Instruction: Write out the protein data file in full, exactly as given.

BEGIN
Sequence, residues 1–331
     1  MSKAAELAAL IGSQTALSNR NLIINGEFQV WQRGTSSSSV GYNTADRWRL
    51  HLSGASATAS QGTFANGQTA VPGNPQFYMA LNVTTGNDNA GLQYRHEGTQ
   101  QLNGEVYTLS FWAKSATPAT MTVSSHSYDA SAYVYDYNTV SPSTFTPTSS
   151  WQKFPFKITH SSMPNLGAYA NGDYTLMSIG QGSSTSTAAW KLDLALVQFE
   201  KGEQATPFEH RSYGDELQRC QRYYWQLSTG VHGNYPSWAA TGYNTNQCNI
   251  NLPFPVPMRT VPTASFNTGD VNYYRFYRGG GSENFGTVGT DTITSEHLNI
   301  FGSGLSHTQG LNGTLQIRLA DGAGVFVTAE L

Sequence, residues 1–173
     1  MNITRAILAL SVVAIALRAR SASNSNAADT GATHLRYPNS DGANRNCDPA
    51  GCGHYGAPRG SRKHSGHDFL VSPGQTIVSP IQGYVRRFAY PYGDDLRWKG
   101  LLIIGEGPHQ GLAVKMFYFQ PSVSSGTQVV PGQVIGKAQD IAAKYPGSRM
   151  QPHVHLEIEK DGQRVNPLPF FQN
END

Sequence, residues 1–331
     1  MSKAAELAAL IGSQTALSNR NLIINGEFQV WQRGTSSSSV GYNTADRWRL
    51  HLSGASATAS QGTFANGQTA VPGNPQFYMA LNVTTGNDNA GLQYRHEGTQ
   101  QLNGEVYTLS FWAKSATPAT MTVSSHSYDA SAYVYDYNTV SPSTFTPTSS
   151  WQKFPFKITH SSMPNLGAYA NGDYTLMSIG QGSSTSTAAW KLDLALVQFE
   201  KGEQATPFEH RSYGDELQRC QRYYWQLSTG VHGNYPSWAA TGYNTNQCNI
   251  NLPFPVPMRT VPTASFNTGD VNYYRFYRGG GSENFGTVGT DTITSEHLNI
   301  FGSGLSHTQG LNGTLQIRLA DGAGVFVTAE L

Sequence, residues 1–173
     1  MNITRAILAL SVVAIALRAR SASNSNAADT GATHLRYPNS DGANRNCDPA
    51  GCGHYGAPRG SRKHSGHDFL VSPGQTIVSP IQGYVRRFAY PYGDDLRWKG
   101  LLIIGEGPHQ GLAVKMFYFQ PSVSSGTQVV PGQVIGKAQD IAAKYPGSRM
   151  QPHVHLEIEK DGQRVNPLPF FQN